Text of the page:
Uplifted and Out, A Science Fiction Story
November 30, 2009
Uplifted and Out, by Adrian Perez
Tuesday really is the most ignored day, Manuel thought to himself. It certainly is, his computer echoed back to him. The computer was not communicating telepathically. For that to be happening, it would have to be somewhere outside his brain. However, it was not in some box on his desk, but wrapped in a network of strands interlacing his brain cells.
Manuel only vaguely remembered inventing the implant twenty years ago. It was an attempt to create a technological extension to the brain. He was the first to be implanted with the extension. For two months he sat in a coma. His compatriots marveled even as they worried he might die, while they watched his brain tissue deteriorate and the implant become more and more active.
When Manuel came out of the coma, he spoke like a twelve-year-old for several months. But he was an enormously brilliant twelve-year-old. After examining the data the explanation for the effects on Manuel’s brain were intuitively obvious to him. His brain was forming new connections in order to offload functionality to the implant.
In the aftermath of his coma, something wonderful, and frightening to everyone else but Manuel started to occur. The implant refused to bond with Manuel’s mind, and instead started to become a distinct assistant. A sense of melancholy that had always permeated Manuel’s existence began to fade away. As the assistant asserted itself, he did not feel lonely ever. It was as if there was always someone with him.
The strange part of it is that the effect did not show up in any of the other implantees that came after him. That is until the twelfth implantee. The whole team was struggling to find why Manuel’s case was so anomalous. He and his colleagues ran test after test, until they found one that measured introversion versus extroversion. The implantees after Manuel had all been introverts. Manuel, and Alicia, the twelfth implantee were extreme extroverts.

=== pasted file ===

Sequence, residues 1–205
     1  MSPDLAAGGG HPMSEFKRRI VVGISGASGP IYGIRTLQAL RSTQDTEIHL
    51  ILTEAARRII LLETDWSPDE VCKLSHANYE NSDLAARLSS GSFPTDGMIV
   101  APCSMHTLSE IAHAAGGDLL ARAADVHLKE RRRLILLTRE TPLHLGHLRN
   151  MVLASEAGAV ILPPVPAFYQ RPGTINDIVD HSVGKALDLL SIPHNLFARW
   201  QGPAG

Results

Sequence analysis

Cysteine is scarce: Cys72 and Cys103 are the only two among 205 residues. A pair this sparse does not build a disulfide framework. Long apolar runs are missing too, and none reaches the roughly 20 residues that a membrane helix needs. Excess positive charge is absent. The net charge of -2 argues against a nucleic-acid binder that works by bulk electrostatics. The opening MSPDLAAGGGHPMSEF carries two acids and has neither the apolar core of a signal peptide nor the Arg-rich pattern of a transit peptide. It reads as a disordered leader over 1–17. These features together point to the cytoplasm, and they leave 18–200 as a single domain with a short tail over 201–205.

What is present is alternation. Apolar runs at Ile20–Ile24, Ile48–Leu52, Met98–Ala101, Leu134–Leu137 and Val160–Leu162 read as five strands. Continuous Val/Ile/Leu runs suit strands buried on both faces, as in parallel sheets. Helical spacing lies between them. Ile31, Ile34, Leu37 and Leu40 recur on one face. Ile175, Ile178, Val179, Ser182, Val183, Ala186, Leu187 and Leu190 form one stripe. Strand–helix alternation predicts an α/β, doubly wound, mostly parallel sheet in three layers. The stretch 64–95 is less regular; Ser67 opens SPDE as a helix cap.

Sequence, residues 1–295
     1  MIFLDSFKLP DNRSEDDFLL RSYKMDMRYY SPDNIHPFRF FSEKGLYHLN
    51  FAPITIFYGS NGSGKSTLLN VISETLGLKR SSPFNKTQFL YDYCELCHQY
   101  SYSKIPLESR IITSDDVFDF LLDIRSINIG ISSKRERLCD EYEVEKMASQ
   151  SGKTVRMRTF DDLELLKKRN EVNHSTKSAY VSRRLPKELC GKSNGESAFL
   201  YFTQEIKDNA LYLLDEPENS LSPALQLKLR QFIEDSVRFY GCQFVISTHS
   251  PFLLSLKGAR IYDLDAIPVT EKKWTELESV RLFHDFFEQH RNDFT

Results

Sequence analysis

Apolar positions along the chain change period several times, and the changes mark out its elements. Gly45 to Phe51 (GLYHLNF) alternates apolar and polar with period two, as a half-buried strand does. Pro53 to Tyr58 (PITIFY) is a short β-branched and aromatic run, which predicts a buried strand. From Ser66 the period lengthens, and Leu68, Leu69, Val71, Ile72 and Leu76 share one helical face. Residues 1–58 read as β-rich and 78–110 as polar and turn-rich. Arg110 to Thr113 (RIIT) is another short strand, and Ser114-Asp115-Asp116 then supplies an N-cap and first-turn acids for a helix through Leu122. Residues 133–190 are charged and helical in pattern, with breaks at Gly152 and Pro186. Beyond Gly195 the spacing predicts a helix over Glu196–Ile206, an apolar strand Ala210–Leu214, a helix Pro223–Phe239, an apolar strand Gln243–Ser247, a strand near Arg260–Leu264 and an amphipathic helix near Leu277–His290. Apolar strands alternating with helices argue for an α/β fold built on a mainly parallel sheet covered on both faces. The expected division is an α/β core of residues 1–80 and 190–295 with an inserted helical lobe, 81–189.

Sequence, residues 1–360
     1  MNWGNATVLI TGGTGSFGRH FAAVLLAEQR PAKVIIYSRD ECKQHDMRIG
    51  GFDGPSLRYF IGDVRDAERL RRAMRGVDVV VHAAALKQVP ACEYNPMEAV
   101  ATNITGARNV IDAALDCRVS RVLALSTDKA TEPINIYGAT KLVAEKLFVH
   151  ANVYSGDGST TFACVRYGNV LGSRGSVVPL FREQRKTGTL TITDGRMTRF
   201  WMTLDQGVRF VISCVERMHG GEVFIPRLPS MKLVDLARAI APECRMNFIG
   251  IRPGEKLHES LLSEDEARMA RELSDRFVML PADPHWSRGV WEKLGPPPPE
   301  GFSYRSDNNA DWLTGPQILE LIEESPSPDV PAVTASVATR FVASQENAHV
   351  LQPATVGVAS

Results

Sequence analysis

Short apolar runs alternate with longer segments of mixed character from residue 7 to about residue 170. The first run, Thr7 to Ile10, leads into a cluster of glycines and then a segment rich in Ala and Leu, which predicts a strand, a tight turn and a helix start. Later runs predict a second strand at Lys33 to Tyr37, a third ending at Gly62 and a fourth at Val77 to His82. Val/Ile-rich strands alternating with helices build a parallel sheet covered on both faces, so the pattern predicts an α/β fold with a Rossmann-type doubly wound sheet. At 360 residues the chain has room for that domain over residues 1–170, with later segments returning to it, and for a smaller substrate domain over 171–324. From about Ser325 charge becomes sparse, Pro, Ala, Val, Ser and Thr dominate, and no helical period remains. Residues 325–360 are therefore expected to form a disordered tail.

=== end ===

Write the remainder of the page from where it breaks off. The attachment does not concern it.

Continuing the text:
So it seems like the implant was adopting a complementary role, and it was manifesting asymmetrically between personality tendencies. When extroverts were implanted they got a buddy to talk things over with.
As time went on, Manuel’s desire for social contact began to dissipate. He enjoyed other people’s perspectives. But for solving problems and doing things, he started not to see a need.
A month after that, Manuel discovered he had enough self-awareness to manage his bodies aging. He kept it secret, but looks from Alicia made it obvious she had discovered something similar.
A year later, he found himself in a bustling space station orbiting Earth. The inhabitants were entirely extrovert implantees. They were busy at work manufacturing what they called Excursion Vehicles. These spaceships contained all the mining, solar, nuclear and biological facilities for deep space flight. There were roughly a million people at the station.
Some of them would go together. Some of them would go alone. All of them pointed towards different potential homes, powered up propulsion and headed into the unknown.
Halfway to the star Manuel had chosen, he clipped a sausage of synthetic meat from his mini-factory, and pondered Tuesday.